Bradbury's daughter said her father died Tuesday night, but she did not provide additional details.
Although he suffered a stroke, Bradbury was still writing into his 90s with new novels, plays, screenplays and poetry.
Bradbury is known for scripting John Huston's 1956 film version of "Moby Dick." He also wrote for "The Twilight Zone" and other TV programs.
"His gift for storytelling reshaped our culture and expanded our world. But Ray also understood that our imaginations could be used as a tool for better understanding, a vehicle for change, and an expression of our most cherished values," President Barack Obama said in a statement. "There is no doubt that Ray will continue to inspire many more generations with his writing, and our thoughts and prayers are with his family and friends."
Just a year and a half ago, Bradbury was honored at L.A. City Hall, where he talked about how growing up in L.A. shaped his life.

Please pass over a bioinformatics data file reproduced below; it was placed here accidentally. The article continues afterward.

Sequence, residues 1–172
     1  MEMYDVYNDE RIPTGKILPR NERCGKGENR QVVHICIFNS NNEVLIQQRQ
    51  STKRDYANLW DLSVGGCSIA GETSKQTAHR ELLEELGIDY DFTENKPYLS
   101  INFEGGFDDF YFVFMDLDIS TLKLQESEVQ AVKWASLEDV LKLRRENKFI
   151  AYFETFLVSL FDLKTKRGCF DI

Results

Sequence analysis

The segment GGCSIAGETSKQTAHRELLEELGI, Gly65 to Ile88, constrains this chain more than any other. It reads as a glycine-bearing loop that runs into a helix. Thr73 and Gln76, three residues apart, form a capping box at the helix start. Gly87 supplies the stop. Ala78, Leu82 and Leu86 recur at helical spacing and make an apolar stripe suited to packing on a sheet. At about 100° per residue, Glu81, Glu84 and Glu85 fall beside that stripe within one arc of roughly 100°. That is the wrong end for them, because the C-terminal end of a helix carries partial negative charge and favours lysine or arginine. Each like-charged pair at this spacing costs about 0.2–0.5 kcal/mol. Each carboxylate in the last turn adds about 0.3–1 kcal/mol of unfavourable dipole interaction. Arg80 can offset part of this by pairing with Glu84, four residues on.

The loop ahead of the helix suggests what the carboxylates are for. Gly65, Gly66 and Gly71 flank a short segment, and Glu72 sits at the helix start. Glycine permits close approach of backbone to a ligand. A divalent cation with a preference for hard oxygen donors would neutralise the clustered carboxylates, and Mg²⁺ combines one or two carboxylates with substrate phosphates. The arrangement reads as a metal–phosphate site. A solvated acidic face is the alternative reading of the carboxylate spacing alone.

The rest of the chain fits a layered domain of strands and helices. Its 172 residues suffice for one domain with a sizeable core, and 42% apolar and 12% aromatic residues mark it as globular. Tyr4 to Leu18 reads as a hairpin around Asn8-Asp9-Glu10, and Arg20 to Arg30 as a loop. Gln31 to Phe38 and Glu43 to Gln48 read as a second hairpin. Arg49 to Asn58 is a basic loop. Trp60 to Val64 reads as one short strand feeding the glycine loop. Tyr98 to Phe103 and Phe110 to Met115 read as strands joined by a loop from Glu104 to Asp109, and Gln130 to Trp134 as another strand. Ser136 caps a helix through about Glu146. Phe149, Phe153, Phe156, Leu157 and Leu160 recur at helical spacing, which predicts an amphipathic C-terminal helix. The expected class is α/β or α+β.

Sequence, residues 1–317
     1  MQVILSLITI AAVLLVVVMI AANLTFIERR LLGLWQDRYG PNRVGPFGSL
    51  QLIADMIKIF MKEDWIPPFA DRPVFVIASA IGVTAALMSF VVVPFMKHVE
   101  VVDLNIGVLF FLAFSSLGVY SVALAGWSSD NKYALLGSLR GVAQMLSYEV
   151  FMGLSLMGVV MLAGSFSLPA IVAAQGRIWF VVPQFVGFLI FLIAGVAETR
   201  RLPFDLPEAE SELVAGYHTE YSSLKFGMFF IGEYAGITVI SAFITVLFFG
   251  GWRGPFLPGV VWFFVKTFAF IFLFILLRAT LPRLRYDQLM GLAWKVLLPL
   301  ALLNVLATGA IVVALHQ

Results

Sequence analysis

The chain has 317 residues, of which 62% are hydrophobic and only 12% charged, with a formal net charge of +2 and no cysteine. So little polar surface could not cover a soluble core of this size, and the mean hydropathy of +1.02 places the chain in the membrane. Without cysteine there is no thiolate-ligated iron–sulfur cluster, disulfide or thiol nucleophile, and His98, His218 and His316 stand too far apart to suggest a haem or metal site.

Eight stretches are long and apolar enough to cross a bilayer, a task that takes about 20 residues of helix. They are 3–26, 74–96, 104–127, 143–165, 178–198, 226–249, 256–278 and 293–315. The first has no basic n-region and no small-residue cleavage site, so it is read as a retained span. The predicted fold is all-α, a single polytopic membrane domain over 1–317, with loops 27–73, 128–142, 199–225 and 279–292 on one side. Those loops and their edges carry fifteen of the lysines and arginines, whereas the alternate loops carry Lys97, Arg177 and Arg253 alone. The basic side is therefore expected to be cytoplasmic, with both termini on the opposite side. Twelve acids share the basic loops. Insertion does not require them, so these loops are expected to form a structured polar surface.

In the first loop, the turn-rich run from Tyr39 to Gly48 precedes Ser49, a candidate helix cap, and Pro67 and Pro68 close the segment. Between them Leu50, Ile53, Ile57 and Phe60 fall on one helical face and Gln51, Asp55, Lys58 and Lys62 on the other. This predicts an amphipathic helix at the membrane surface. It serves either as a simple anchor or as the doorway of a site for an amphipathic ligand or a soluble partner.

"I never went to college, I had no money to do that, so I went to all the libraries in L.A., and I read all the books," he said.
Despite his lack of a college degree, Bradbury was highly respected in the literary world.
Longtime fans stopped at Bradbury's star on the Hollywood Walk of Fame on Wednesday to reminisce about the imaginative tales he created.
"Ray Bradbury is really kind of, to me, the father of reading, that's what he taught us to do. He taught us to visit bookshops and libraries and read and read and read," said fan Terry Ellett.
Bradbury is survived by his four daughters. His wife of 56 years died in 2003.
The Associated Press contributed to this report.